Hillsboro Council may open public grounds to alcohol use

ORIGINALLY WRITTEN DON RATZLAFF
The Hillsboro City Council authorized the city attorney at its Tuesday meeting to draft an ordinance that would allow the consumption of alcohol on designated public properties.

Presently, state law forbids the consumption of alcohol on public properties. Local governments can legislate exemptions to that prohibition, however.

The issue of alcohol consumption was raised by council members in a recent planning meeting following a men’s slow-pitch tournament held at the Sports Complex this summer.

City Administrator Steven Garrett said such tournaments generate revenue that helps subsidize the city’s recreation program. It was suggested the possibility of consuming alcohol would make Hillsboro a more attractive host city for tournaments.

But the council broadened the discussion beyond tournaments at the Sports Complex to include the Scout House in Memorial Park and the county fairgrounds.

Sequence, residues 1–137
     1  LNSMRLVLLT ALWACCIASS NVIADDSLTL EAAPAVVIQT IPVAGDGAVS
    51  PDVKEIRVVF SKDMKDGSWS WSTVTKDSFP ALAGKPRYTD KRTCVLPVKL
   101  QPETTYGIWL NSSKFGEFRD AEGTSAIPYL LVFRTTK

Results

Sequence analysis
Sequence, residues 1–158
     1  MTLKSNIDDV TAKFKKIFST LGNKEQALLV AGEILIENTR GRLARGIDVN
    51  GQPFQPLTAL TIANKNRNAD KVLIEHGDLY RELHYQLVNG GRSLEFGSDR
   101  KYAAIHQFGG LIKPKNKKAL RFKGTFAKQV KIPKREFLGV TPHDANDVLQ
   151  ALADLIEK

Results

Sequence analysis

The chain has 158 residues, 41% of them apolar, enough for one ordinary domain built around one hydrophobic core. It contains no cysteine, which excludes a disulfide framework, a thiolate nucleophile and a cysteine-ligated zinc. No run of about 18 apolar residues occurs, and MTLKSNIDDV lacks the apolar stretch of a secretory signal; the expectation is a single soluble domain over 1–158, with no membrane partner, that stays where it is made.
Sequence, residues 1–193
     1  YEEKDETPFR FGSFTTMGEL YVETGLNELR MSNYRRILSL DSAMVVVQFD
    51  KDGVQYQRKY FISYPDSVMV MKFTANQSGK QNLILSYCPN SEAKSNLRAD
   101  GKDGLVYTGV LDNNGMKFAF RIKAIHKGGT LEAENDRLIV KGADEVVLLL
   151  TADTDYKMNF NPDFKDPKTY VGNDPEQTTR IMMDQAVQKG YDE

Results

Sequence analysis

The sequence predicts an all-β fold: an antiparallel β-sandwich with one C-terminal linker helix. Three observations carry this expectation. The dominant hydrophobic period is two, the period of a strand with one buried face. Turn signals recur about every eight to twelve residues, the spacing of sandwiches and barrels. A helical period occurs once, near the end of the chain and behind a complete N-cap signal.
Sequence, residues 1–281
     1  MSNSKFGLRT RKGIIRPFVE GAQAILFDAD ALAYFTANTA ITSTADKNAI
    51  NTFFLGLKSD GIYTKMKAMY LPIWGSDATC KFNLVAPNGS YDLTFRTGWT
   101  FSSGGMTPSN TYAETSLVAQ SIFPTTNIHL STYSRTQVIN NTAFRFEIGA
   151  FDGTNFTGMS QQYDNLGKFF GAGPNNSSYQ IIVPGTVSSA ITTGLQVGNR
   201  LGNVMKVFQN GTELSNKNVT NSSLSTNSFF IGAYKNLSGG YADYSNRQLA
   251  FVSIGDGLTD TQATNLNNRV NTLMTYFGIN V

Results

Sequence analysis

“I know there’s people out there who’d like to have a wedding reception where they can have alcohol, and there is no other place in Hillsboro to do that except the American Legion,” said Councilor Matt Hiebert, who led the meeting in the absence of Mayor Delores Dalke.

The Scout House would give people a second option, he said.

Councilor Len Coryea said removing the ban on consuming alcohol might benefit the Marion County Fair in the future.

“I don’t think 4-H can carry the fair (financially) 10 years down the road,” he said.

Hiebert said rodeos typically are sponsored by tobacco and alcohol companies. If an alcohol company were allowed to sell its product on site, its sponsorship could enhance the quality of the rodeo itself as well as help to subsidize the fair as a whole.

Hiebert said the fair board would have the final say whether to allow alcohol consumption at its events, but if the city proactively exempted the property, the board would have one less obstacle to clear if it wanted to pursue that option.

City Attorney Dan Baldwin said the council could allow for the consumption of alcohol in one of two ways: it could identify specific properties and exempt them indefinitely from the state statute, as is the case now for the local golf course; or it could exempt a specific property for a specific time or event.